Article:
Background: Reduced phonemic fluency is extremely frequent in progressive supranuclear palsy (PSP), but its neural correlate is yet to be defined. Objective: We explored the hypothesis that poor fluency in PSP might be due to neurodegeneration within a dominant frontal circuit known to be involved in speech fluency, including the opercular area, the superior frontal cortex (BA6), and the frontal aslant tract connecting these two regions. Methods: We correlated performance on a letter fluency task (F, A, and S, 60 s for each letter) with brain metabolism as measured with Fluoro-deoxy-glucose Positron Emission Tomography, using Statistical Parametric Mapping, in 31 patients with PSP. Results: Reduced letter fluency was associated with significant hypometabolism at the level of left BA6. Conclusion: Our finding is the first evidence that in PSP, as in other neurogical disorders, poor self-initiated, effortful verbal retrieval appears to be linked to dysfunction of the dominant opercular-aslant-BA6 circuit.

Isella, V., Licciardo, D., Ferri, F., Crivellaro, C., Morzenti, S., Appollonio, I., et al. (2022). Reduced phonemic fluency in progressive supranuclear palsy is due to dysfunction of dominant BA6. FRONTIERS IN AGING NEUROSCIENCE, 14 [10.3389/fnagi.2022.969875].

Reduced phonemic fluency in progressive supranuclear palsy is due to dysfunction of dominant BA6

Isella, Valeria;Licciardo, Daniele;Crivellaro, Cinzia;Morzenti, Sabrina;Appollonio, Ildebrando;Ferrarese, Carlo
2022

Abstract

Background: Reduced phonemic fluency is extremely frequent in progressive supranuclear palsy (PSP), but its neural correlate is yet to be defined. Objective: We explored the hypothesis that poor fluency in PSP might be due to neurodegeneration within a dominant frontal circuit known to be involved in speech fluency, including the opercular area, the superior frontal cortex (BA6), and the frontal aslant tract connecting these two regions. Methods: We correlated performance on a letter fluency task (F, A, and S, 60 s for each letter) with brain metabolism as measured with Fluoro-deoxy-glucose Positron Emission Tomography, using Statistical Parametric Mapping, in 31 patients with PSP. Results: Reduced letter fluency was associated with significant hypometabolism at the level of left BA6. Conclusion: Our finding is the first evidence that in PSP, as in other neurogical disorders, poor self-initiated, effortful verbal retrieval appears to be linked to dysfunction of the dominant opercular-aslant-BA6 circuit.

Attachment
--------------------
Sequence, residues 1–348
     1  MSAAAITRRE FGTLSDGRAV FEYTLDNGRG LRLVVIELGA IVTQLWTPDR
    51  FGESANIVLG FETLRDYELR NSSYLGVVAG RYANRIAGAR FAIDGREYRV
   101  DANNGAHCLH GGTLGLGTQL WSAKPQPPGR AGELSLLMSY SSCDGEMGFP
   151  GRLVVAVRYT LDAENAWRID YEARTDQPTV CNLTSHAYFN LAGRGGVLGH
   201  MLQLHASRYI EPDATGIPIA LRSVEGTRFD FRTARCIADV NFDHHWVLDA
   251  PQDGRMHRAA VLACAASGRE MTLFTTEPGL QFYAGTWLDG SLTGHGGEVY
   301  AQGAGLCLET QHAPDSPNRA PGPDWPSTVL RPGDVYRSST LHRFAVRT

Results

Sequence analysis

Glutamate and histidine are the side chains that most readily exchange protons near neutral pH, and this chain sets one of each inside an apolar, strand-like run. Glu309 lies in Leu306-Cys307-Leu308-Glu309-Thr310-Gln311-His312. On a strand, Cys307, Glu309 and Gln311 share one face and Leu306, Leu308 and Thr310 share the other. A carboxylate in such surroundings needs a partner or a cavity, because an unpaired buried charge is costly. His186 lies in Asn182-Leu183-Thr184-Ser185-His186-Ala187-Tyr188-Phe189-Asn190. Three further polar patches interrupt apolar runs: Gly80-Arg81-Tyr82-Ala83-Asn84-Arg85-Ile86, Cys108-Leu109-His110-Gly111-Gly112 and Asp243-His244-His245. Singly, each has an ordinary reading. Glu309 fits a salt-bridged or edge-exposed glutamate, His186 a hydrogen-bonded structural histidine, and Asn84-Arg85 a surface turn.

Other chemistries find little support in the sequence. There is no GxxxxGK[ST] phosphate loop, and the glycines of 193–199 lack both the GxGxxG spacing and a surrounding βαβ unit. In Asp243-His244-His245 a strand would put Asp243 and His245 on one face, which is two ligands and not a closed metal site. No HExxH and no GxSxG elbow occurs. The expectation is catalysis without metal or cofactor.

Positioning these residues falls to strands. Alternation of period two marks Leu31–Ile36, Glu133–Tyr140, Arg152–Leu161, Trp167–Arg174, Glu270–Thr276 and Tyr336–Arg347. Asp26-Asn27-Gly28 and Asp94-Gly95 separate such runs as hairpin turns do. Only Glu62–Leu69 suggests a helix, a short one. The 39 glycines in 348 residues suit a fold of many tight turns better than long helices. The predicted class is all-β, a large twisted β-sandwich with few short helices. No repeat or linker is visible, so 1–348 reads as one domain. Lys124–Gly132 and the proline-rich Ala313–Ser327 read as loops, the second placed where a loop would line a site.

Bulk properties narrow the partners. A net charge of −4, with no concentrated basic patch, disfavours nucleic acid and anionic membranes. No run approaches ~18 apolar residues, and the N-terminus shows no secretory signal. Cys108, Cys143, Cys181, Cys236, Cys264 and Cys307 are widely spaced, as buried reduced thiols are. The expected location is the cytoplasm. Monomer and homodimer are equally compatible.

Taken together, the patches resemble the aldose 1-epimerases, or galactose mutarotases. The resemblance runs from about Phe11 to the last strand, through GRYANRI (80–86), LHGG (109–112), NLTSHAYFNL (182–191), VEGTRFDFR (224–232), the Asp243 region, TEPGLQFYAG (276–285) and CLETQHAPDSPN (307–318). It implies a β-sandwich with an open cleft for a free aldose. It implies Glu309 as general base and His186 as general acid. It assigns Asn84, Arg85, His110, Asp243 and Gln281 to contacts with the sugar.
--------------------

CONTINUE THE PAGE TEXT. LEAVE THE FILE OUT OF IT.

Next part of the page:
Articolo in rivista - Articolo scientifico
FDG-PET; fluency; frontal aslant tract; progressive supranuclear palsy; supplementary motor area;
English
2022
14
969875
none
Isella, V., Licciardo, D., Ferri, F., Crivellaro, C., Morzenti, S., Appollonio, I., et al. (2022). Reduced phonemic fluency in progressive supranuclear palsy is due to dysfunction of dominant BA6. FRONTIERS IN AGING NEUROSCIENCE, 14 [10.3389/fnagi.2022.969875].
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Utilizza questo identificativo per citare o creare un link a questo documento: https://hdl.handle.net/10281/416698
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